About the Grant
CAA was awarded a short-term grant from the Andrew W. Mellon Foundation in 2013 to fund the Meiss/Mellon Author’s Book Award. The grant was a temporary measure to provide financial relief to scholars in art history and visual studies who are responsible for funding the image programs in their publications. Through this grant CAA provided awards to emerging scholars for their first publication to help defray the high costs of image licensing and reproduction for monographs in art history and visual studies. Awardees were selected on the basis of the quality and demonstrated financial need of their project.
A similar award (SAH-Mellon Author Awards) for scholars publishing their first monograph on the history of the built environment was administered by the Society for Architectural Historians. Both the CAA and SAH awards provided leading authors with the financial resources to acquire images for scholarly publications.
The Meiss/Mellon Author’s Book Award supported publication of scholarly monographs, which continue to be the most highly valued demonstration of scholarly competence. Unfortunately, many authors today must provide both a fully realized text and the financial resources for its image program. The cost for image rights and licensing, especially for digital publications, can be prohibitively high.
In order to capitalize on CAA’s expertise in the funding of art publications, the guidelines, jury processes, and award procedures for the Meiss/Mellon Author’s Book Award were similar to those currently in place for CAA’s Millard Meiss Publication Fund grant. The jury comprised distinguished mid-career or senior scholars who are members of CAA and whose specializations cover a broad range of art scholarship. The jury had discretion over the number of awardees and the size of the grant to be awarded to each. The grants were made directly to authors to defray the costs of image acquisitions.
Below is a list of all recipients of the Meiss/Mellon Author’s Book Award. The grant was a temporary measure to provide financial relief to scholars in art history and visual studies who are responsible for funding the image programs in their publications.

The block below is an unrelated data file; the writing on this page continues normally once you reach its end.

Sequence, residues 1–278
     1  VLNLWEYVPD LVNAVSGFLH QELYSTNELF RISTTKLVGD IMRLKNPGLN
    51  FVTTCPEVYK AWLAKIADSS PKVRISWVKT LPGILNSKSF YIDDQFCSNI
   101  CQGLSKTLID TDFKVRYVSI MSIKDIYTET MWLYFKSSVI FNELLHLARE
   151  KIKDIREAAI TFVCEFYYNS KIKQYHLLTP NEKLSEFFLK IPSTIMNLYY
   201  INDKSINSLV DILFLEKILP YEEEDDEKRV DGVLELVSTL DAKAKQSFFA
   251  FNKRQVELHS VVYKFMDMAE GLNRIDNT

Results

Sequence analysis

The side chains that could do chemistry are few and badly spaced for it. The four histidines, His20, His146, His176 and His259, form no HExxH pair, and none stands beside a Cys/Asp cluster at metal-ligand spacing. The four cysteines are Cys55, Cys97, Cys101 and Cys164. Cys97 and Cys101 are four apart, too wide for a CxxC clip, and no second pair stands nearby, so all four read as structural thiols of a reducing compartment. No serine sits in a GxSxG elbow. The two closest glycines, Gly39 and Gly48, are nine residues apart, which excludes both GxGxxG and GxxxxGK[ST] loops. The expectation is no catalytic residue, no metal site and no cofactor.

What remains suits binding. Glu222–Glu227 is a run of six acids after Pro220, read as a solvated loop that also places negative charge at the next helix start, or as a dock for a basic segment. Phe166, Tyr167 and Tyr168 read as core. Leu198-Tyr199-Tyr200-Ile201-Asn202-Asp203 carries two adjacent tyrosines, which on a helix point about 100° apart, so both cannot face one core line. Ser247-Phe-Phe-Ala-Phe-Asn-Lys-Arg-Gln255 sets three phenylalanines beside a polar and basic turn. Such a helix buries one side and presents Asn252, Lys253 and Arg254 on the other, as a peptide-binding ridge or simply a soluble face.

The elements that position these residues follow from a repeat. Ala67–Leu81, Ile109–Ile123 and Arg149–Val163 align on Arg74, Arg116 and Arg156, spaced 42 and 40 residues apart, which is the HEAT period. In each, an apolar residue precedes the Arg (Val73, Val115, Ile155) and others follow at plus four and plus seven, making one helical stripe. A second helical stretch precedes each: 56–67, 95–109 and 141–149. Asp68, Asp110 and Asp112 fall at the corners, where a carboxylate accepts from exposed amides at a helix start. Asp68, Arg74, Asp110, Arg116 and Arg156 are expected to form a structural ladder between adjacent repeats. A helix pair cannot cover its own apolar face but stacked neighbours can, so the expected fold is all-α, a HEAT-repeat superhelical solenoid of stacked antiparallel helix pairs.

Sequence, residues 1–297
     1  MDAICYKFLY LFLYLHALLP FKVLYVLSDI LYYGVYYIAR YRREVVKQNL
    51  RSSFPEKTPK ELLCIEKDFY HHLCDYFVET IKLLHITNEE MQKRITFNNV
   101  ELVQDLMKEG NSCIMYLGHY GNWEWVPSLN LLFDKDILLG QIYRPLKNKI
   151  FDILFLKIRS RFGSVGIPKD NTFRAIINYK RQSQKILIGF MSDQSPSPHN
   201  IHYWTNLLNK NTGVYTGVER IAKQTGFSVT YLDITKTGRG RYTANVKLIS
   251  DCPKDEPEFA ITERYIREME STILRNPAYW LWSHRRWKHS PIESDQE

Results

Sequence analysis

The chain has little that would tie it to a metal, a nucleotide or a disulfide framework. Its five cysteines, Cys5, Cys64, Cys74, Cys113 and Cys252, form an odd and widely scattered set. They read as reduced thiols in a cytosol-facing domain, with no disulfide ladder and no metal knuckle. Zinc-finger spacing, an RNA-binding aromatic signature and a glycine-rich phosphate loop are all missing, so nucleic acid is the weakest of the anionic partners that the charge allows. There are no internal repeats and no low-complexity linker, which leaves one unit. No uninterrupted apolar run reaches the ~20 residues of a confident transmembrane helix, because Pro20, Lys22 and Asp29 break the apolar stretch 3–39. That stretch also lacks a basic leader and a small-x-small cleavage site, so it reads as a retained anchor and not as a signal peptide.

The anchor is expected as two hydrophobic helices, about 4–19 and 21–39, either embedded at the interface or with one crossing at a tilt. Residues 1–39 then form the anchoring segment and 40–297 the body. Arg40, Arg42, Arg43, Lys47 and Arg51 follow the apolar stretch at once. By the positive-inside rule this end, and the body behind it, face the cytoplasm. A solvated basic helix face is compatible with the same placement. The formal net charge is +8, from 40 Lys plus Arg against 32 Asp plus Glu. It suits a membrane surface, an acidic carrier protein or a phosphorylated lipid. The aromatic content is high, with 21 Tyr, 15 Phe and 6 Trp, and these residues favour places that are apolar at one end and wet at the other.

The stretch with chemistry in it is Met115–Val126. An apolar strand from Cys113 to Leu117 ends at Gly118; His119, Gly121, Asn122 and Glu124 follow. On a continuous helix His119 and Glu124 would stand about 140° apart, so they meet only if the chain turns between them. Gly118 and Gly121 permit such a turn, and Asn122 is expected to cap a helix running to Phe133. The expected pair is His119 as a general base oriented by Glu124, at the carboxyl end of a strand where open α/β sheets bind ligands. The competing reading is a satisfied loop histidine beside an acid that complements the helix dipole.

Amy R. Bloch, Lorenzo Ghiberti’s Gates of Paradise: Humanism, History, and Artistic Philosophy in the Italian Renaissance, Cambridge University Press
Susan Cahan, The Politics of Race in American Museums, 1966–1972, Duke University Press
Maggie Popkin, The Architecture of the Roman Triumph: Monuments, Memory, and Identity, Cambridge University Press
Akiko Walley, Constructing the “Dharma King”: Hōryūji Śākyamuni Triad and the Birth of the “Prince Shōtoku Cult,” Brill
Sonal Khullar, Worldly Affiliations: Artistic Practice, National Identity, and Modernism in India, 1930–1990, University of California Press
Pepper Stetler, Stop Reading! Look! Modern Vision and the Weimar Photographic Book, University of Michigan Press
Sarah Hamill, David Smith in Two Dimensions: Photography and the Matter of Sculpture, University of California Press
Ara H. Merjian, Giorgio de Chirico and the Metaphysical City: Nietzsche, Modernism, Paris, (New Haven: Yale University Press, 2013)
Claudia Brittenham, The Cacaxtla Paintings: How Art Shaped the Identity of an Ancient Central Mexican City, University of Texas Press
Chelsea Foxwell, In Search of Images: Kano Hogai and the Making of Modern Japanese-Style Painting, University of Chicago Press
Jesse Locker, Artemisia Gentileschi: The Language of Painting, Yale University Press
Megan R. Luke, Kurt Schwitters: Space, Image, Exile (Chicago: University of Chicago Press, 2014)
Karl Whittington, Body-Worlds: Opicinus de Canistris and the Medieval Cartographic Imagination (Toronto: Press of the Pontifical Institute of Mediaeval Studies, 2013)